When thinking about the kinds of good habits you want students to develop, go back to that list of expectations and procedures you created. For me, for example, it’s important that students enter my classroom, check their mailboxes, and start working on their focus assignment before the first bell rings. It’s important that when I use the quiet signal, my students get quiet and focus on me. I expect my students to stay in a quiet straight line when I walk with them down the hall. It’s also important to me for students to be silent, with a clean area, before I dismiss them. Those types of habits, as well as others, also might be important to you. If you’re not really sure what you expect of your students, then take some time right now to brainstorm those actions and behaviors that you want to become habits for your students.

Okay, you have your list. You might be asking yourself, “Why is it important that I help build these habits?” The reason is to save yourself stress later on in the school year. Spring semester might seem like a long way away, but it will come around a lot faster than you think. Students who are not following good habits in the fall have a tendency to let spring fever get out of hand. Behavior can become more erratic then, and without good habits in place, students are more likely to get out of control. By setting the standards at the beginning of the year and turning good behaviors into good habits, you save yourself a lot of time and stress later.

But how can you build in students the good habits you expect? First, clearly explain your expectations to students. Next, make sure students practice the correct actions and behaviors daily. (It’s especially important to practice behaviors over and over again during the first couple of weeks of school.) Third, be consistent about requiring specific behaviors. If you see students not meeting your expectations, don’t be afraid to stop and take the time to practice the correct action or behavior right then and there.

For example, if I notice that many students are entering the classroom and “hanging out” without starting their work before the bell rings, I stop everything and practice my expectations. I have students file out of the classroom and re-enter correctly. If students are not following my quiet signal, we stop immediately and practice until they get it right. By doing that consistently, students begin to see that I will hold them accountable for their actions. After 27 days or more of doing the same actions over and over again, the behaviors become a habit for students. What you want to achieve is a classroom in which students know what to do and when to do it. That is a well-disciplined classroom.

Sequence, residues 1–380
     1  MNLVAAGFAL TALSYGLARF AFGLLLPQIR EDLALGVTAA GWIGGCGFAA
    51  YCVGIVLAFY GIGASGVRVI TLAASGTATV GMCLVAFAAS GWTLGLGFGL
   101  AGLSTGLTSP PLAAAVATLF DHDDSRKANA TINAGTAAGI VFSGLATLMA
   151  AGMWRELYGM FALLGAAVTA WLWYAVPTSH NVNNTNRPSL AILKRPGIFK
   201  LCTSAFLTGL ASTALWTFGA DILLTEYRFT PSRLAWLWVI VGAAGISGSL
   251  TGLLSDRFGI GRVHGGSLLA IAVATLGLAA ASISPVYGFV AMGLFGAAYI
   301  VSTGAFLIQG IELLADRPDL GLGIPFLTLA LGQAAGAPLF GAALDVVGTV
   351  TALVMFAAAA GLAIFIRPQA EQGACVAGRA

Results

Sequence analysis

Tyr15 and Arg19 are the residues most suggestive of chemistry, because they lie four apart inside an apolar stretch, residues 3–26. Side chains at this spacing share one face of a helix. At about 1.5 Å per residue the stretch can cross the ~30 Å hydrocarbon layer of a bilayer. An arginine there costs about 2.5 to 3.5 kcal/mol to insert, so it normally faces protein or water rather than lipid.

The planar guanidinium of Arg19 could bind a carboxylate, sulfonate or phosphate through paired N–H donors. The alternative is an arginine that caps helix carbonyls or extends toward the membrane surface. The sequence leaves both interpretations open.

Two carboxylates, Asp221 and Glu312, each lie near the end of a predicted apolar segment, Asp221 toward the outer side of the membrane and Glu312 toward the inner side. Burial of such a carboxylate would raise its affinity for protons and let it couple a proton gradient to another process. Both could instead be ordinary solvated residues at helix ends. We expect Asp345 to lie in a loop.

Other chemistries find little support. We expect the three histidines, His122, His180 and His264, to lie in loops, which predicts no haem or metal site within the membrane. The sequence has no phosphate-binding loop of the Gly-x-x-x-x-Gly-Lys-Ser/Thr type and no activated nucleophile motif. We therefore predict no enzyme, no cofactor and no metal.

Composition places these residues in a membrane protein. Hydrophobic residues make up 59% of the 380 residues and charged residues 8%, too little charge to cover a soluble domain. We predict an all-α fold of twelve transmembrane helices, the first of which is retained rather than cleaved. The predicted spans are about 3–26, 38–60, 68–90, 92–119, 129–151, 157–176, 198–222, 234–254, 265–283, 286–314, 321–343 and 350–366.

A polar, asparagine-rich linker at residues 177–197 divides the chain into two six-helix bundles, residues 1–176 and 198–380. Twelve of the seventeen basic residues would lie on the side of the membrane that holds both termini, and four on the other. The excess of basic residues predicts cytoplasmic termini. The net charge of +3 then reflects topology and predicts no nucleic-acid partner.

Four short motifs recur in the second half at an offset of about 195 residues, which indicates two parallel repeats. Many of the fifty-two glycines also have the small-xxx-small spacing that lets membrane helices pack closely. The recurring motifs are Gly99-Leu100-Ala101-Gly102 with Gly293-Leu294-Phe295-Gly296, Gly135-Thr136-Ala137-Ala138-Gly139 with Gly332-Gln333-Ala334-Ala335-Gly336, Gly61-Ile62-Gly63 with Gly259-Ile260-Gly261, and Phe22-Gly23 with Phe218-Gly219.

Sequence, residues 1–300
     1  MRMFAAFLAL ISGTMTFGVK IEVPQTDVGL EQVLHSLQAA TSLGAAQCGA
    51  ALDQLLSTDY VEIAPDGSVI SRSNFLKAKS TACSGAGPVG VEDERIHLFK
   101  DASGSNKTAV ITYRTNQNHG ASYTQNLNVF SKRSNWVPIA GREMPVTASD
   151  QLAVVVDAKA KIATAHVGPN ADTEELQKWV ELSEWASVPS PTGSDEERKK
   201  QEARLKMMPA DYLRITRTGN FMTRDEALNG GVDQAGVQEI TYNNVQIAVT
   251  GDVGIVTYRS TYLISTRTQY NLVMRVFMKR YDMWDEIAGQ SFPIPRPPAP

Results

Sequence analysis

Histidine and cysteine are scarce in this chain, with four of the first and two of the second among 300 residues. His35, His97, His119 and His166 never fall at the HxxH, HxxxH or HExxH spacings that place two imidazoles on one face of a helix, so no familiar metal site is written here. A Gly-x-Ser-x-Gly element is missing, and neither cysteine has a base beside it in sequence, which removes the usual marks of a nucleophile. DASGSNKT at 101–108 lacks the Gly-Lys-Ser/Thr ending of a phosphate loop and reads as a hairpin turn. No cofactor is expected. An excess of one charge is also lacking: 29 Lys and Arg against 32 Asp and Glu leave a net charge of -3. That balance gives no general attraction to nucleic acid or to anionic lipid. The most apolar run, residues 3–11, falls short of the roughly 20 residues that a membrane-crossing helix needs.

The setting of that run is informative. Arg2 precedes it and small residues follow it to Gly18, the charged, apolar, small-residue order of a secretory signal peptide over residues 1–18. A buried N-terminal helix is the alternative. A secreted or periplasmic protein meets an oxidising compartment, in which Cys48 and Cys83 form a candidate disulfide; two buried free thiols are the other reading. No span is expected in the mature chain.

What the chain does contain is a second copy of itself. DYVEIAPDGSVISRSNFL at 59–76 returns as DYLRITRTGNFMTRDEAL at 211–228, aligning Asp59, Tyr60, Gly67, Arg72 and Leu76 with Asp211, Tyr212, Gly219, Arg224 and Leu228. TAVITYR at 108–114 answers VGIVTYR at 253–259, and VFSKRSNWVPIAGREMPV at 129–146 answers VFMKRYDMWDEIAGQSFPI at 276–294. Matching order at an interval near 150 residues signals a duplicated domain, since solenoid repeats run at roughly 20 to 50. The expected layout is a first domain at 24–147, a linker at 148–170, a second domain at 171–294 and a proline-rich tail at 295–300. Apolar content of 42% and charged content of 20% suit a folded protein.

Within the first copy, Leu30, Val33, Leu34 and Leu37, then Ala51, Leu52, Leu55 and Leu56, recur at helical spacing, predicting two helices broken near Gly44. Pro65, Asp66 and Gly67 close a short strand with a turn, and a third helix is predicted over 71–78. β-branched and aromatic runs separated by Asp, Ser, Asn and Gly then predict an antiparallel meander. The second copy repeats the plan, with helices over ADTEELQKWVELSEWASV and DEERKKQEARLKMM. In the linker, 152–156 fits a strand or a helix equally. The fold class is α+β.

You might find, of course, that as the year progresses, you need to stop and practice your expectations again. That is perfectly normal and can be thought of as “maintenance.”

Before you know it, however, your students will be entering the classroom and doing exactly what you expect of them — whether you are there to remind them or not. Good behavior has become — just like making your bed each day — a habit. In the end, that’s precisely what we strive to accomplish.
As you work toward that goal, remember the maxim “Good habits are hard to break” — and practice, practice, practice.

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Using Primary Sources

April 12, 2007 at 9:21 am (all, books, children, Education, Educational Leadership, Elementary, ESOL, High School, history, kids, Middle School, Parents, principals, reading, school, school administration, teachers, Thornebrooke, Uncategorized)

http://www.stenhouse.com/productcart/pc/viewPrd.asp?idproduct=9057&r=sb070411

This is a great resource for language arts and social studies teachers. You can read the entire book on-line. While you can’t print it, you can save it for future reference.

Eyewitness to the Past
Strategies for Teaching American History in Grades 5–12
Joan Brodsky Schur
March 2007
216 (est.) pp/paper
ISBN: 978-157110-497-7
Foreword by James A. Percoco

Throughout history, people have often expressed controversial and conflicting interpretations of current events. In this unique resource, Joan Brodsky Schur reveals how compelling and engaging the study of history becomes when students use documents to imagine living through events in American history.

Eyewitness to the Past examines six types of primary sources: diaries, travelogues, letters, news articles, speeches, and scrapbooks. Teachers will find interactive strategies to help students analyze the unique properties of each, and apply to them their own written work and oral argument. Students learn to express opposing viewpoints in documents, classroom interactions, and simulations such as staging congressional hearings, elections, or protests. They build crucial analytical thinking and presentation skills. Used together, the six strategies offer a varied and cohesive structure for studying the American past that reinforces material in the textbook, encourages creativity, activates different learning styles, and strengthens cognitive skills.